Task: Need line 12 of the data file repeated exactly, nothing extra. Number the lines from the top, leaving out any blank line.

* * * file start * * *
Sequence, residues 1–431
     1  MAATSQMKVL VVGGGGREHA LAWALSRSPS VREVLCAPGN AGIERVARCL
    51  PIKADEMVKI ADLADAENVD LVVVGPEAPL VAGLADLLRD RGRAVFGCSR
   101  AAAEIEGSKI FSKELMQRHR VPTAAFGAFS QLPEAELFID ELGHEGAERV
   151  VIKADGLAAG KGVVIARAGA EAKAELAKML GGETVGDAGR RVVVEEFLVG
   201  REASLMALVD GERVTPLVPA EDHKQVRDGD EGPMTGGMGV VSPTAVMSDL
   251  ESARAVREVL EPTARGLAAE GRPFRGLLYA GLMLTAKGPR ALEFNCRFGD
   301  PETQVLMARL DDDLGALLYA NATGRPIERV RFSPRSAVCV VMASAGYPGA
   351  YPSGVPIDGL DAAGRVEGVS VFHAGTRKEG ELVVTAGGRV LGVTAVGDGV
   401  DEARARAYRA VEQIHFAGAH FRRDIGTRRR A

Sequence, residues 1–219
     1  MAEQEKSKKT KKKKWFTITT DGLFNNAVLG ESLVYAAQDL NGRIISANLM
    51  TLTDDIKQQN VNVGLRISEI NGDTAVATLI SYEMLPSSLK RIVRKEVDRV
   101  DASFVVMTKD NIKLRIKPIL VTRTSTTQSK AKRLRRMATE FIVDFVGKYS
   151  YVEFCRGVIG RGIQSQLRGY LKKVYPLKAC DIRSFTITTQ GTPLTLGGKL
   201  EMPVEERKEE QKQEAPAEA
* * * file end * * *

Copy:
     1  MAEQEKSKKT KKKKWFTITT DGLFNNAVLG ESLVYAAQDL NGRIISANLM